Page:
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Changing dpi and ppi in Photoshop

Community Beginner ,
Oct 29, 2020

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Hello,

 

I have some PS documents that were created at 600ppi. They contain flattened watercolor clip art that was originally scanned onto my computer at 600 dpi as well.

 

I have been using 600 dpi in order to make my documents ( soon to be wedding invitations) print ready and high quality. 

I am now learning that the 3rd parry editing app I need to use to sell my invitations only allows png uploads and recommends they be in 300ppi so the customers won't have to open large files. 

Is there any way to change the clip art that was scanned at 600dpi and brought into photoshop, into 300dpi png files without losing quality? In general, is it better to print at 300 dpi or 600dpi?

 

just to clarify:

-art was scanned to computer at 600ppi/dpi

-I turned the art into floral clip art and then made into arrangements on a 600ppi document

-I now need to take those arrangements I made, flatten them in PS, and somehow save them as 300ppi/dpi png files 

 

thanks!

 

Adobe Community Professional
Correct answer by D Fosse | Adobe Community Professional

Open the Image Size dialog, make sure the "resample" box is unchecked (important!) and change the ppi to 300. This does not change the file in any way. It's exactly the same, as long as it has the same number of pixels. Only some metadata changes, instructing the printer to print the file at a larger size.

 

Ppi doesn't mean anything on its own. It's a relationship, not a thing. This becomes much easier to understand if you just look at the words and read them literally: pixels per inch. That's exactly what it means - it's all in those three words. Just a standard equation. It explains itself.

 

The file is just pixels. It doesn't have a size, until you give it one by assigning a ppi number to it.

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Changing dpi and ppi in Photoshop

Community Beginner ,
Oct 29, 2020

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Hello,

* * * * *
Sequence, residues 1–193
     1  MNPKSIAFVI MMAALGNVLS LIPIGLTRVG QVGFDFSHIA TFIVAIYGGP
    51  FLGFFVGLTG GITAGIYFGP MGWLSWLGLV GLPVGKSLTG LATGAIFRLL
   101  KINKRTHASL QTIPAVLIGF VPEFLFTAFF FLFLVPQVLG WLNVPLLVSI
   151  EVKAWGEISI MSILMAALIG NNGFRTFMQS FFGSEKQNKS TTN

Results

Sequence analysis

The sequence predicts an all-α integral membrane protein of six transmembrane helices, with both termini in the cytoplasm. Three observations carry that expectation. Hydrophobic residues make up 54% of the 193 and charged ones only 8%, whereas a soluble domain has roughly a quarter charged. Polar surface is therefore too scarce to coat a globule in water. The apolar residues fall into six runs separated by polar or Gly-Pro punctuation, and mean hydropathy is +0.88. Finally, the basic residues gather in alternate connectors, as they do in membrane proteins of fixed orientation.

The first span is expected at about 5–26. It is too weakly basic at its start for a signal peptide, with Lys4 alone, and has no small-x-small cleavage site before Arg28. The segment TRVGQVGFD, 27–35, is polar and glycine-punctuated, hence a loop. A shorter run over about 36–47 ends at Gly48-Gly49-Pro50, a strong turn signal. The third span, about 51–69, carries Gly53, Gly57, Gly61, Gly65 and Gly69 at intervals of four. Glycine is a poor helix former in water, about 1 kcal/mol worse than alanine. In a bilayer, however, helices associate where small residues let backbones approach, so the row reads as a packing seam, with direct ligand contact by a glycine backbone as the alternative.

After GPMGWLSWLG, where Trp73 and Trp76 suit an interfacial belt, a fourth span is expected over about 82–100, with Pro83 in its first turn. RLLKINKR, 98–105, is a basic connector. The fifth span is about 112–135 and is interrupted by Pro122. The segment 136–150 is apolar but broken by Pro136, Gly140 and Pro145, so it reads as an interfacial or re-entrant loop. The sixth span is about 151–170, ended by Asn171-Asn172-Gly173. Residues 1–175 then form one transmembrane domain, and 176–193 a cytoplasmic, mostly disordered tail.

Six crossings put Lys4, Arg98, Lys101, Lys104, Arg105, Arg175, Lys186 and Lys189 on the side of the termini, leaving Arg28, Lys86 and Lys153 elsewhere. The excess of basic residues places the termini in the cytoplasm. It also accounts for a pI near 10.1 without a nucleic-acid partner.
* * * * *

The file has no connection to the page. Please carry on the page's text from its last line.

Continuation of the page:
I have some PS documents that were created at 600ppi. They contain flattened watercolor clip art that was originally scanned onto my computer at 600 dpi as well.

 

I have been using 600 dpi in order to make my documents ( soon to be wedding invitations) print ready and high quality. 

I am now learning that the 3rd parry editing app I need to use to sell my invitations only allows png uploads and recommends they be in 300ppi so the customers won't have to open large files. 

Is there any way to change the clip art that was scanned at 600dpi and brought into photoshop, into 300dpi png files without losing quality? In general, is it better to print at 300 dpi or 600dpi?

 

just to clarify:

-art was scanned to computer at 600ppi/dpi

-I turned the art into floral clip art and then made into arrangements on a 600ppi document

-I now need to take those arrangements I made, flatten them in PS, and somehow save them as 300ppi/dpi png files 

 

thanks!

 

Adobe Community Professional
Correct answer by D Fosse | Adobe Community Professional

Open the Image Size dialog, make sure the "resample" box is unchecked (important!) and change the ppi to 300. This does not change the file in any way. It's exactly the same, as long as it has the same number of pixels. Only some metadata changes, instructing the printer to print the file at a larger size.

 

Ppi doesn't mean anything on its own. It's a relationship, not a thing. This becomes much easier to understand if you just look at the words and read them literally: pixels per inch. That's exactly what it means - it's all in those three words. Just a standard equation. It explains itself.

 

The file is just pixels. It doesn't have a size, until you give it one by assigning a ppi number to it.

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How to, Make It

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Oct 29, 2020 0
Adobe Community Professional ,
Oct 29, 2020

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Open the Image Size dialog, make sure the "resample" box is unchecked (important!) and change the ppi to 300. This does not change the file in any way. It's exactly the same, as long as it has the same number of pixels. Only some metadata changes, instructing the printer to print the file at a larger size.

 

Ppi doesn't mean anything on its own. It's a relationship, not a thing. This becomes much easier to understand if you just look at the words and read them literally: pixels per inch. That's exactly what it means - it's all in those three words. Just a standard equation. It explains itself.

 

The file is just pixels. It doesn't have a size, until you give it one by assigning a ppi number to it.

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Community Beginner ,
Oct 29, 2020

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Thanks I'll try that! So that won't decrease the quality for print?

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mglush LATEST
Adobe Community Professional ,
Oct 29, 2020

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Yes, that's correct. If you uncheck "Resample," Photoshop will not throw away any of your pixel data. It just reapportions the number of pixels per inch it in the document. The quality should not degrade or decrease.

Michelle

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